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Monday, October 26, 2009

The Arab countries' hostages

London's Independent has a lengthy report on the discrimination that the 'Palestinians' face in Arab countries. The Arab countries have done more than anyone else to perpetuate the 'Palestinians' refugee status. Reality is that even if a settlement is reached between Israel and the 'Palestinians,' the vast majority of these refugees will never 'return' to Israel or to a 'Palestinian' state. Where will they go? No one wants to discuss it.
In the unlikely event that President Obama's vision of a swift and final settlement of the Israeli-Palestinian conflict materialises, millions of Palestinians would still live in decaying refugee camps whose inhabitants are forbidden from owning land or participating in normal economic life. The only governing authority that Palestinians living in the camps have ever known is UNRWA – the United Nations Relief and Works Agency. Established by the UN on 8 December 1949 to assist 650,000 impoverished Palestinian refugees from the 1948 war, UNRWA has been battling budget cuts and strikes among its employees as it struggles to provide subsidies and services to Palestinian refugees, who are defined as "persons whose normal place of residence was Palestine between June 1946 and May 1948".


The inclusion of the descendants of Palestinian refugees as refugees in UNRWA's mandate has no parallel in international humanitarian law and is responsible for the growth of the official numbers of Palestinian refugees in foreign countries from 711,000 to 4.6 million during decades when the number of ageing refugees from the 1948 Israeli war of independence in was in fact declining. UNRWA's grant of refugee status to the children, grandchildren and great-grandchildren of the original Palestinian refugees according to the principle of patrilineal descent, with no limit on the generations that can obtain refugee status, has made it easy for host countries to flout their obligations under international law. According to Article 34 of the UN Convention Relating to the Status of Refugees, "The Contracting States shall as far as possible facilitate the assimilation and naturalisation of refugees," and must "make every effort to expedite naturalisation proceedings" – the opposite of what happened to the Palestinians in every Arab country in which they settled, save Jordan. For all the easy criticism that can be levelled at UNRWA, it is hard to see how many Palestinian refugees would have survived without the agency's help.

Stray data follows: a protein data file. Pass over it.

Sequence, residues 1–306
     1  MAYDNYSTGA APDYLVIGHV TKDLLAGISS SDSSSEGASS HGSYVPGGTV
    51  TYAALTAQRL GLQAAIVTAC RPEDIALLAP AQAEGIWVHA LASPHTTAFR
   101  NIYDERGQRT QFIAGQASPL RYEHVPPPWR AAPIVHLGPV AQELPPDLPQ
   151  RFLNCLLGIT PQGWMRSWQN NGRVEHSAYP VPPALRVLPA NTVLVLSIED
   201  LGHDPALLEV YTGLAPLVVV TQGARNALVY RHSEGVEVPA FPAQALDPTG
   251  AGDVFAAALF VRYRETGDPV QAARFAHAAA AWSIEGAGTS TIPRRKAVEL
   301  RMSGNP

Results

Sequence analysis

The responsibility for the legal dimensions of their fate lies elsewhere, as UNRWA Commissioner-General Karen AbuZayd made clear at UNRWA's anniversary ceremony in New York on 24 September, before an audience that included Palestinian President Mahmoud Abbas and Queen Rania of Jordan – herself a Palestinian. "The protracted exile of Palestine refugees and the dire conditions they endure, particularly in the occupied Palestinian territory, cannot be reconciled with state obligations under the UN Charter," AbuZayd said. The result for the refugees, AbuZayd said at a forum the previous afternoon at the Princeton Club, is a "suspended state of existence" for which no one seems willing to accept political responsibility. The rest of the discussion, moderated by Ambassador Kurtner, made clear that anticipated solutions to the Palestinian refugee problem had failed to emerge – leaving a community in crisis.

"You can't ignore an entire people because it's awkward or inconvenient," says Dr Karma Nabulsi, a lecturer at Oxford and a former Palestinian representative at the UN. In the period immediately after Oslo, she added, Palestinian refugees in Arab countries hoped to be repatriated to areas governed by the Palestinian Authority. Today, despair has replaced that initial optimism. "What young Palestinian would want to resettle in Gaza or in the West Bank?" she asks.
What's unsaid in this article is why the Arab states insisted on keeping the 'Palestinians' as refugees in the first place: Because they hoped (and still hope) to use them to destroy the Jewish state of Israel. The Arab states should be forced to resolve the problem that they have created. But they won't be.

Read the whole thing, but read it critically. Most of the responsibility for the tragedy of the 'Palestinians' lies with the Arab states.


At 5:25 AM, Blogger NormanF said...

There will be no real solution to the Palestinian problem. Even in the unlikely event Israel was destroyed, its hard to imagine the Palestinians giving up their parasitic way of life involving dependency upon the rest of the world for the burdens of living as a free people in their own country. It is revealing that the Palestinians have repeatedly turned down statehood. Its not Israel that is obligated to offer them a country. That is something they have to work out for themselves and in the last 60 years they haven't done so and there appears to be no sign they will do it in the future.


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